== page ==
Swatragh will be a different kettle of fish, they don't drop sweepers so should have enough bodies to cut down the channels. They will have learned from their Banagher defeat from last year.

Also, from playing at Bellaghy earlier in the championship, Lynch will know the same space presented by Owenbeg and Celtic Park won't be available.

Then you have the middle third. Patrick Kearney, Oisin McWilliams, Conor, Jude and Niall McAtamney present a wall of players across the middle. If placed correctly and it will turn the game into a scrap.

It's hard to see Magherafelt changing away from the tactic that has become ingrained in the system. The one problem this week will be their match-ups. Swatragh will make their defence more honest than Lavey did.

Outside of Peter Quinn, Darren O'Neill, goalkeeper Lynch and sweeper Jared Monaghan they don't have an abundance of size and Monaghan will be needed to compete with Niall McAtamney at midfield. Conor McAtamney will almost certainly go up against Danny Heavron, a battle that will have a huge say on the game.

If Peter Quinn is pulled out to combat Jude McAtamney or Patrick Kearney, it will take Magherafelt's gameplan somewhere it doesn't want to go. Their best option may be to play Michael McEvoy as the out and out sweeper, but again it is a change.

Swatragh will need James Kearney on song. He plays with drive, can kick off either foot and can be very direct. If he goes toe to toe with Ryan Ferris, it will be a tasty battle of two combative players.

Up front, the 'Swa will need more from Lorcan McWilliams. He scored 1-2 against Dungiven, but was kept scoreless against Claudy and Banagher. Against Ballinascreen, he was an unused sub as McGinley opted for Fintan McGurk. If he starts, it's got a duel with Conor McCluskey written all over it, a player he would have marked at Derry training over the past number of years.

Sean and Francis Kearney will offer their scoring threat elsewhere up front and should have Fergal Duffin and Darren O'Neill, respectively, for company.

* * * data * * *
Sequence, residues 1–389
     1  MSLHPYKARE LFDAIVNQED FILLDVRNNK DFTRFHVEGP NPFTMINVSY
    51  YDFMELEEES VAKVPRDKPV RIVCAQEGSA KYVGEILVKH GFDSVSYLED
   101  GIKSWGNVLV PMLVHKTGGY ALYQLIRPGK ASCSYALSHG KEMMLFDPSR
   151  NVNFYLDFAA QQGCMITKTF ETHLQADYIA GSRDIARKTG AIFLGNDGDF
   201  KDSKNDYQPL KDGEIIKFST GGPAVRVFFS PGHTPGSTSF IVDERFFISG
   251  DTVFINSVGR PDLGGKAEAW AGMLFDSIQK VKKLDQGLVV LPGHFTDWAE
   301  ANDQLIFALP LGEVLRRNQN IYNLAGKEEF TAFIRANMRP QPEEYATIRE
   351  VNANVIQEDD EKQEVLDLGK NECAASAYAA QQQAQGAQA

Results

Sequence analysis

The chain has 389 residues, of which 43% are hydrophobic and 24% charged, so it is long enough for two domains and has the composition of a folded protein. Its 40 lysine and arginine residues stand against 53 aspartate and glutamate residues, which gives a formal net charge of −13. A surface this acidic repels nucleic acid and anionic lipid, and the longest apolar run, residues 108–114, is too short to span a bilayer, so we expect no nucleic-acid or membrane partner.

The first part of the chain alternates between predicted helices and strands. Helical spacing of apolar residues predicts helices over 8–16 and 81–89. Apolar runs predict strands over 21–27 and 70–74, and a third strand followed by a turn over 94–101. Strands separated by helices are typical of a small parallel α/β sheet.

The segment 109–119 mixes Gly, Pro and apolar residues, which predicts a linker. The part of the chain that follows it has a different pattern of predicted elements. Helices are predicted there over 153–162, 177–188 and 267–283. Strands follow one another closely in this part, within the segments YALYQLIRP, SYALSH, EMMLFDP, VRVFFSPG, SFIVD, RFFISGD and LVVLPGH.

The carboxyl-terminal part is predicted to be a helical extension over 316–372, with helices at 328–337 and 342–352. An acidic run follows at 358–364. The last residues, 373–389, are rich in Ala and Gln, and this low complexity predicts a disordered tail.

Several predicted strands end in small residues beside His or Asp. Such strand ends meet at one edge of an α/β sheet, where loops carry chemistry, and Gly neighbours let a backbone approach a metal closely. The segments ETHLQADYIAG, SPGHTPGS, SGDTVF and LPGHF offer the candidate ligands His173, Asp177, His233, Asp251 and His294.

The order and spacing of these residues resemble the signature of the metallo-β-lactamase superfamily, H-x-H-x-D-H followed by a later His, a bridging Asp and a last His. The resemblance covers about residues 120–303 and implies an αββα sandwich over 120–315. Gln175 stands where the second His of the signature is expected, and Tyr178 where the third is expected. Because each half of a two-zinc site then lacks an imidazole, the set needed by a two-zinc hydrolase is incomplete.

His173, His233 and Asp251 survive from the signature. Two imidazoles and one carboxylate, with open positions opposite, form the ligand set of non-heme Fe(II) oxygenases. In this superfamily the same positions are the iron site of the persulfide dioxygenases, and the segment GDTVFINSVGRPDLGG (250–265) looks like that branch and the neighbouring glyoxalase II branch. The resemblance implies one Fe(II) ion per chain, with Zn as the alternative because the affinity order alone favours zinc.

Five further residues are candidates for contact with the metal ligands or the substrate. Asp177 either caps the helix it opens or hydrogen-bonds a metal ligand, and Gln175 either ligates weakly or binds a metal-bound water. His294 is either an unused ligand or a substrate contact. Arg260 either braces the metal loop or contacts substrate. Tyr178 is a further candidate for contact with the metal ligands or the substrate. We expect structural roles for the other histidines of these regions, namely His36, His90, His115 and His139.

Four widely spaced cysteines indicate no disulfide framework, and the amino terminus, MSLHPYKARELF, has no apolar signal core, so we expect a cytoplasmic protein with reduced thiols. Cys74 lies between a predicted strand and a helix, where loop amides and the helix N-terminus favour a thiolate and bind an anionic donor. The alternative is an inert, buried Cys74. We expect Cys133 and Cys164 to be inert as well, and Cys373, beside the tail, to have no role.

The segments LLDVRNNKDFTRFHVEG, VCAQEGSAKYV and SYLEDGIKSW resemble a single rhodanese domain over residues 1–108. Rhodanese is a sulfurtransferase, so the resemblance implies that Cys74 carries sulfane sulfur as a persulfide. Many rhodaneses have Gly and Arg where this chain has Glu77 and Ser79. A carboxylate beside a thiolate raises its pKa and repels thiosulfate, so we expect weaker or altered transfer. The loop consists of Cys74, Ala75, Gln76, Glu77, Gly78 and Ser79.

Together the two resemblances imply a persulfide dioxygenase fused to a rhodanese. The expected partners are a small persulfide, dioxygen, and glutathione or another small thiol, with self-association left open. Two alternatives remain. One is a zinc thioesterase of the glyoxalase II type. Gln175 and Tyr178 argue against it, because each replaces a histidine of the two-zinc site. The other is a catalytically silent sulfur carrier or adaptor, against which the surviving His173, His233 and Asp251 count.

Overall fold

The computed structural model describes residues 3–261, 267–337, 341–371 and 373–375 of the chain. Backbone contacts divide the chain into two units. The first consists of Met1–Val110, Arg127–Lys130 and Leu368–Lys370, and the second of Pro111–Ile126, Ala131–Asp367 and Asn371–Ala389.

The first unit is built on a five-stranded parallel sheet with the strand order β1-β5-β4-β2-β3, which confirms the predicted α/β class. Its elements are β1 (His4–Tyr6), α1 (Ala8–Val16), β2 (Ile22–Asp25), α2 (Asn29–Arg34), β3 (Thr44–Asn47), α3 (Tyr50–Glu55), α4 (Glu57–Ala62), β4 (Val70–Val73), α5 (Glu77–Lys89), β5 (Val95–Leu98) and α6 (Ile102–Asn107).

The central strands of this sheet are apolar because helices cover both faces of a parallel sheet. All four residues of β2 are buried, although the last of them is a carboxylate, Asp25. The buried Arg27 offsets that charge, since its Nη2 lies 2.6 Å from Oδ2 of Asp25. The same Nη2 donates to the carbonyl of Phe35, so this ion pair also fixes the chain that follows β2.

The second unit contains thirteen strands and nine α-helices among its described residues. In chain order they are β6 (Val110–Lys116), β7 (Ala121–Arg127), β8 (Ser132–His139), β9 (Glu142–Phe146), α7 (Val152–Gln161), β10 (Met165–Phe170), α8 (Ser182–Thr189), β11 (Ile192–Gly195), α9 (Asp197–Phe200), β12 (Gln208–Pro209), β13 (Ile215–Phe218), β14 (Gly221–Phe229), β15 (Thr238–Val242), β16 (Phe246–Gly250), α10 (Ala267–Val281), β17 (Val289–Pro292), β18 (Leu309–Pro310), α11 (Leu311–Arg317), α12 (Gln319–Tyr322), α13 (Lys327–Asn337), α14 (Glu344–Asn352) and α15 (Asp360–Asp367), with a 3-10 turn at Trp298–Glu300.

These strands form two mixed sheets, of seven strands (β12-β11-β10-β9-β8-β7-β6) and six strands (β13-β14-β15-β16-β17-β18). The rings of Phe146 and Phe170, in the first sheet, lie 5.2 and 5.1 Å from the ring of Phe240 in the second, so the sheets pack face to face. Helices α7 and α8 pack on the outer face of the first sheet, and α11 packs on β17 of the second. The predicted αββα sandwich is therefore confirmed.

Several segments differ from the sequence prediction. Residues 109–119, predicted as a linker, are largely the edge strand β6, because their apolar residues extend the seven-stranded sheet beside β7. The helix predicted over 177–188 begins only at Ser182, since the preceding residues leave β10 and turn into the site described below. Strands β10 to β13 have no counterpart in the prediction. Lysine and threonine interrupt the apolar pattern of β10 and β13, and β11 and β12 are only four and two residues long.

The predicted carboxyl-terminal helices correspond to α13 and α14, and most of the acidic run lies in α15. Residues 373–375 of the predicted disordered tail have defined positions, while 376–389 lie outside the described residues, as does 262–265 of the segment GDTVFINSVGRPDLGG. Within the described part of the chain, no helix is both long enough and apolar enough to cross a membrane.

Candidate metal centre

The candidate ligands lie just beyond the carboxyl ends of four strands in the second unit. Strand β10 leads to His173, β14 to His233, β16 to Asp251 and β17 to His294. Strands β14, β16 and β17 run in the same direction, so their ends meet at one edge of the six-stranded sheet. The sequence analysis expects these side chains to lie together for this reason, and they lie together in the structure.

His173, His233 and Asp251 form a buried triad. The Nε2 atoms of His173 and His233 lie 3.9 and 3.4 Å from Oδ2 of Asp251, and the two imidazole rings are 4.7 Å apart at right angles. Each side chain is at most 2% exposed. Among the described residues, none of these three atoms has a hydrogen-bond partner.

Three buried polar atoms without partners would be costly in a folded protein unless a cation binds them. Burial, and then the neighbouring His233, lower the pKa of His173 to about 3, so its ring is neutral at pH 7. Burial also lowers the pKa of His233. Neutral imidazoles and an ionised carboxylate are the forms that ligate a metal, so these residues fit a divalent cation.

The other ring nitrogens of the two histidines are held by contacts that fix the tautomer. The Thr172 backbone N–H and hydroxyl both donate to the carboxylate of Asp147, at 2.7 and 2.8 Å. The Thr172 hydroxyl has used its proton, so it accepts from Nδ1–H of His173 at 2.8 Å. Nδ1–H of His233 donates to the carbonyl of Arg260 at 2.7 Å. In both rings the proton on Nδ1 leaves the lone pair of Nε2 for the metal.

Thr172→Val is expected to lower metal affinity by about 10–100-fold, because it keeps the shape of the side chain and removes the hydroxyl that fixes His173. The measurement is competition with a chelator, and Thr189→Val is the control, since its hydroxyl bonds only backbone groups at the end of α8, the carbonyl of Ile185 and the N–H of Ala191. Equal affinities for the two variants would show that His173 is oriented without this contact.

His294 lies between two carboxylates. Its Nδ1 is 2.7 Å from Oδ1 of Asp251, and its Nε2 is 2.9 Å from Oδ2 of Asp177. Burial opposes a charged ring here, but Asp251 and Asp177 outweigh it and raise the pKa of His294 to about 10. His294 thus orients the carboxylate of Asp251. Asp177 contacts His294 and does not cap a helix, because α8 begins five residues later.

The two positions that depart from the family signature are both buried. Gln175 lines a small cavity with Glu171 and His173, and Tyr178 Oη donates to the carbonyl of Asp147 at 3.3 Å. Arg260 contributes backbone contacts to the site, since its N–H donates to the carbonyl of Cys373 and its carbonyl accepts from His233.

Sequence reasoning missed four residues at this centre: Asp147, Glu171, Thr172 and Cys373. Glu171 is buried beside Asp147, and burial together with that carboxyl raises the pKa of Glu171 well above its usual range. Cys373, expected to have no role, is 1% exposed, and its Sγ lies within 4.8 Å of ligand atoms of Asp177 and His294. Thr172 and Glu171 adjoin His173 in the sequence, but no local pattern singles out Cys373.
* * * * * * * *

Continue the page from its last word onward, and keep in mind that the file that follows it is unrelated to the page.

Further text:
An intriguing game beckons, between teams with contrasting styles. When both teams were asked serious questions in their last game, they passed the test.

The next season will always ask questions of the champions' hunger and Magherafelt showed already they won't want to release their title easily. They have had to work to get themselves into a position to challenge for the title.

Their 8/1 bookies' price before a ball was kicked and will have fuelled a siege mentality that was expertly managed by Adrian Cush last year. Being written off only made them want to prove the doubters wrong even more. He challenged the players and they loved him for it.

In a way, their first round win was simplistic. With Lavey not creating a clear cut goal chance, their system was allowed to bed in. This week, Swatragh game plan has the potential to make the game more open.

It's a week they might have to break their average score of 1-9 and the missed goal chances against Lavey will be much more costly. That's where Rossa can take heart. But will Kearns and McCluskey have the freedom to attack and to create, or will it fall on Emmett McGuckin and Shane Heavron? That's the question Swatragh will have at the forefront of their plans.

Until they win a game like this one, Swatragh won't be elevated into the bracket as title contenders. Magherafelt have just put themselves into that category and went on to deliver the big prize. Their experience of tight games is perhaps their greatest strength going into this weekend. It could make the difference.

VERDICT: Magherafelt